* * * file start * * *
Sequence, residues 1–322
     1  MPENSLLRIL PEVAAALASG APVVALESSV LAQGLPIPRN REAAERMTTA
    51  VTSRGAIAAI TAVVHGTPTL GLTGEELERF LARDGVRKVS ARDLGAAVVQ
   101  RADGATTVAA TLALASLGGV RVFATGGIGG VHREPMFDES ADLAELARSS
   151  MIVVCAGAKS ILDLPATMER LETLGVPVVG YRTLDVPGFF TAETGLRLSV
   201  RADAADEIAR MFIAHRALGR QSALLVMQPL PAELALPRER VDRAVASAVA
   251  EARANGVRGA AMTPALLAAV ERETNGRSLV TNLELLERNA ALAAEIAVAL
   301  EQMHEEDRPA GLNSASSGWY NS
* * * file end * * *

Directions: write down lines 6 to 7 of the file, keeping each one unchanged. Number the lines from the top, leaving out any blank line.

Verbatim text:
   201  RADAADEIAR MFIAHRALGR QSALLVMQPL PAELALPRER VDRAVASAVA
   251  EARANGVRGA AMTPALLAAV ERETNGRSLV TNLELLERNA ALAAEIAVAL